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18 of 21 people found the following review helpful By Yuyutsu Neckovich on December 9, 2002
Format: Paperback
i honestly feel this is the best novel, indian or not, i have read in long time. all these reviewers who go on and on about this being an example of packaged "exoticism" and then go on to suggest reading rushdie (the king of "exoticism") really blow my mind. this is such a beautiful book precisely because it is not really about the concept "India" at all. The strange, unneccesary plot turns are simply the stuff of real life. you cant reduce this book to any trite commentary about east vs west. it has a life of its own.
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16 of 19 people found the following review helpful By rikky on July 13, 2000
Format: Hardcover
The Romantics, tries to use the old formula of Indians trying to amuse the west but fails in the process. Inspite of the excellent print quality of the Indian edition, the story just fails to take off. The problem-- too many formulae. Examples-- naked sadhus, the ghats of varanasi, whites searching for spirituality, dirty mother India etc etc. Mishra has just missed the elephants and snakecharmers...but just about! There were a tremendous possibilities even in this hackeneyed storyline, yet Mishra does not sem cabable of exploring them. As such the story never excites you. But at times can really put you to sleep. So avoid this book!
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12 of 14 people found the following review helpful By Sahara on September 28, 2000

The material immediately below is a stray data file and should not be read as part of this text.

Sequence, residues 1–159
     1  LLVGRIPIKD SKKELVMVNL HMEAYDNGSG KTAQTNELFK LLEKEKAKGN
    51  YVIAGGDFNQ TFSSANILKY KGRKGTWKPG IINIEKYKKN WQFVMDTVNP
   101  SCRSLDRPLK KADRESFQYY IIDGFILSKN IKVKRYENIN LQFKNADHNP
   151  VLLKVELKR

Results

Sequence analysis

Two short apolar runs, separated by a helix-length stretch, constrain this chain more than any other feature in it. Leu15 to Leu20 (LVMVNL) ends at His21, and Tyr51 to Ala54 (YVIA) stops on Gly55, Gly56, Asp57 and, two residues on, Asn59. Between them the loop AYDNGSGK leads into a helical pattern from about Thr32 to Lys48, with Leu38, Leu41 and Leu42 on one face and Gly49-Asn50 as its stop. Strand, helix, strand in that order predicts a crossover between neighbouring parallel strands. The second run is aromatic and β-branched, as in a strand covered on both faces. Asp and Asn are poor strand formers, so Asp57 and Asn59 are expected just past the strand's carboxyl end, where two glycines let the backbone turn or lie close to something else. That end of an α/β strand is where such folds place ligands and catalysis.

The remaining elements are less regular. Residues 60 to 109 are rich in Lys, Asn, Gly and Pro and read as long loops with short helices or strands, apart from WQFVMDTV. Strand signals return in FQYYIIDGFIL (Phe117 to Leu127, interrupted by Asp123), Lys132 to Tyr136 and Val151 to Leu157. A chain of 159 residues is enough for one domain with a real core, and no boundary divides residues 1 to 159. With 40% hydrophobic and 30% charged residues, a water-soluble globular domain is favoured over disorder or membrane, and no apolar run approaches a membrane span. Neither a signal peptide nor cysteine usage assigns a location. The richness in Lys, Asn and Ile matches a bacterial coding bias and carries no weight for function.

Format: Hardcover
The Romantics seems promising at the start and then fizzles off. There is very little story and though I'm not into plot/action driven books, the complete lack of then requires exceptionally good writing, which this book does not have. Yes it has evocative details, which usually go on for much too long e.g "...pilgrims surging into the main road from all directions, though narrow lanes and maze like alleys, from between houses leaning into each other, pilgrims holding marigolds and red hibiscuses, brass and steel platters lit with diyas and sweets and vermilion powders, pilgrims wearing pink and purple saris..." and on and on and on. The American reviewer from California enjoyed these description, but for Asian me for whom it is home, it got very tedious after a while. I might have enjoyed them had there been a story as well as more depth in the characters (all of whom I found very steroetypical), and had the relationship in the book had some emotion in them -after all the book is 'about' a series of relationships the protagonist has to people as well as with the world. This reader learned nothing new about life from this novel except that life and time is precious and next time I should stop reading such material ten pages into it. Needless to say I am very disappointed. Why Mr. Mishra is hailed as the next literay sensation only God knows. And perhaps his Western publishers.